Rather than veganism at this stage, I think moving towards a cruelty free lifestyle is a more appropriate choice.
Another thing is that one of the stages in yoga is Yama (social discipline) and niyama (self discipline). These are moral guidelines that we must follow in order to maintain a compassionate life to ourselves and to those around us. Ahimsa is one of these moral codes – Non-violence to ourselves and to those around us.
Apart from this, I have a very intense physical practice, and me being vegan doesn’t get in the way of that. Through plant protein, I still have a great diet that is ideal for me to continue my strenuous practice.
4. Through your answers, you come across as a person of great self-control and discipline. What 3 tips would you give to young people today to lead a healthy, disciplined, and productive life?
- Be inspired every single day. Set goals. Respect those goals to put in the work everyday to make your dreams a reality.
Practice. Everyday. Be it physical practice to maintain good health or maybe another form of practice required for skills you are acquiring. Make sure you continue to be a student your entire life. Learn from everything around you because nature is your best teacher. Be humble and don’t let ego get in the way. Accept that you need to learn from a teacher.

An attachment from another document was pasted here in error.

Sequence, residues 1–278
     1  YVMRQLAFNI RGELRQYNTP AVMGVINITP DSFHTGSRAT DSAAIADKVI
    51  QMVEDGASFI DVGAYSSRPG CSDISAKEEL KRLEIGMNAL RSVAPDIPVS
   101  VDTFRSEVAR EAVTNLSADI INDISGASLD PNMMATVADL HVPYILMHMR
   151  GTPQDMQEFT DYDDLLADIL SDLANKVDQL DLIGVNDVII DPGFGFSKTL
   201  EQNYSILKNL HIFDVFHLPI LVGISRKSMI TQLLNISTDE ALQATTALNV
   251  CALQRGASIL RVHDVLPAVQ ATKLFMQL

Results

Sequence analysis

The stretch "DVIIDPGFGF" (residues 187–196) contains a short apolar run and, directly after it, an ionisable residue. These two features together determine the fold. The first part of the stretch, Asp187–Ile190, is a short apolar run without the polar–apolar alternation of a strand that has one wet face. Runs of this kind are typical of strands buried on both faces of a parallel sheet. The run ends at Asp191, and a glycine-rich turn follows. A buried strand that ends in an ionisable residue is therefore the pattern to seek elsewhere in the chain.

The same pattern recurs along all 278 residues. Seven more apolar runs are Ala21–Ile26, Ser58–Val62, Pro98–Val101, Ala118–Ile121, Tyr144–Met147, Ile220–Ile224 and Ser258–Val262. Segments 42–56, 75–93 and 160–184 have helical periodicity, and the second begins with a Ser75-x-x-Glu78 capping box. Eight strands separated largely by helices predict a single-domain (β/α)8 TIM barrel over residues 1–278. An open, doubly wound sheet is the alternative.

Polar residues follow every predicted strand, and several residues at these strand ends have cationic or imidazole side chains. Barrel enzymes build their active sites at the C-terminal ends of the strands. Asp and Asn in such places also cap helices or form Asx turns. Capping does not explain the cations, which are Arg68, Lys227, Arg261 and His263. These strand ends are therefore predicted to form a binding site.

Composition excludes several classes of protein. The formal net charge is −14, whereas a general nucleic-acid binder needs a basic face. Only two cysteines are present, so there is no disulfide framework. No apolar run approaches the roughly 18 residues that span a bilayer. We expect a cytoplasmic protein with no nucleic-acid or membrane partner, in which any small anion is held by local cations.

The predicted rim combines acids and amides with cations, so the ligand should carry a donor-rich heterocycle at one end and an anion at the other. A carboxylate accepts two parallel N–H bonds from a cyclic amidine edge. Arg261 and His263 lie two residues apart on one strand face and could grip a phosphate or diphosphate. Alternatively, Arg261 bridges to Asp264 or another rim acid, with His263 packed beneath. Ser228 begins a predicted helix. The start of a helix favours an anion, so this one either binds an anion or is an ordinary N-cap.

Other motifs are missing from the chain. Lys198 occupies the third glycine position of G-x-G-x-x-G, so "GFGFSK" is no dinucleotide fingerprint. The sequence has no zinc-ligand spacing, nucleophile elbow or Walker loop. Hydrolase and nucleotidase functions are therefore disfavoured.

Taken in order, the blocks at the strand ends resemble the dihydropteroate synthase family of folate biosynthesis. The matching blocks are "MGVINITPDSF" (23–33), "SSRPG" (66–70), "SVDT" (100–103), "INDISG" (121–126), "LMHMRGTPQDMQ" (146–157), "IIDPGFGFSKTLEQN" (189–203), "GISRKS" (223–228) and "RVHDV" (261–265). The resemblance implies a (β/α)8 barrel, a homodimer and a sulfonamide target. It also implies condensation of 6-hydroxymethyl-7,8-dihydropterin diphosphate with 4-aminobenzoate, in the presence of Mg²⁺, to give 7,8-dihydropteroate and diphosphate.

Above all be grateful. We’re blessed with the body we’ve been given and the ability to be the best version of ourselves. Now we can only say thanks and do our best with what we have.
Make sure you continue to be a student your entire life.
5. Great. Finally, do you have anything you’d like the audience to explore? It can be a business or movement, or it could be anything from a video to an idea.
I’m the owner and teacher at Aham Yogashala in Thiruvanmiyur, Chennai. I teach Vinyasa yoga that combines movement along with breath, steadiness and ease, and strength with flexibility.
Address of Aham Yogashala: ‘Nest Oceana’, Jayaram street, Thiruvanmiyur, chennai 41. Phone: 9840137496
Classes are suitable for absolute beginners and advanced practitioners looking to deepen their practice.
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Next, check out the previous interview from last Tuesday with Chandrabhan Nathawat by clicking on the image below.